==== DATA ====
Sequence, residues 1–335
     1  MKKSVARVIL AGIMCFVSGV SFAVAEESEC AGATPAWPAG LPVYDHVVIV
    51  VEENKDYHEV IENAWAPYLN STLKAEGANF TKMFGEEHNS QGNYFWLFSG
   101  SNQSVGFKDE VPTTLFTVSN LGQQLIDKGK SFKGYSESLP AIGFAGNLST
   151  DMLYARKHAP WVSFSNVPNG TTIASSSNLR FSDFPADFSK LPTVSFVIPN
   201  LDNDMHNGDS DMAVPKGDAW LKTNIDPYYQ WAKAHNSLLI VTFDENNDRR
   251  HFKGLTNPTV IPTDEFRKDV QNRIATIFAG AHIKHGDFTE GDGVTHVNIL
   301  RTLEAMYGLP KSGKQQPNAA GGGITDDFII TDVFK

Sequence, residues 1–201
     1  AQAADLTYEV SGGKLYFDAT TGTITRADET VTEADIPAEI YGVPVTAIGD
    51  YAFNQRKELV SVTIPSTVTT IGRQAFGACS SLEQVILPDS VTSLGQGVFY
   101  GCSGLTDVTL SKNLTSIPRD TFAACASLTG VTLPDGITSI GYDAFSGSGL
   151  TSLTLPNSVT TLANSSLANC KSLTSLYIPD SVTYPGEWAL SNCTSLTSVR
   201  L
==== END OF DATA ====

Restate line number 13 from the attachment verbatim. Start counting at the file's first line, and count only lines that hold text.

   151  TSLTLPNSVT TLANSSLANC KSLTSLYIPD SVTYPGEWAL SNCTSLTSVR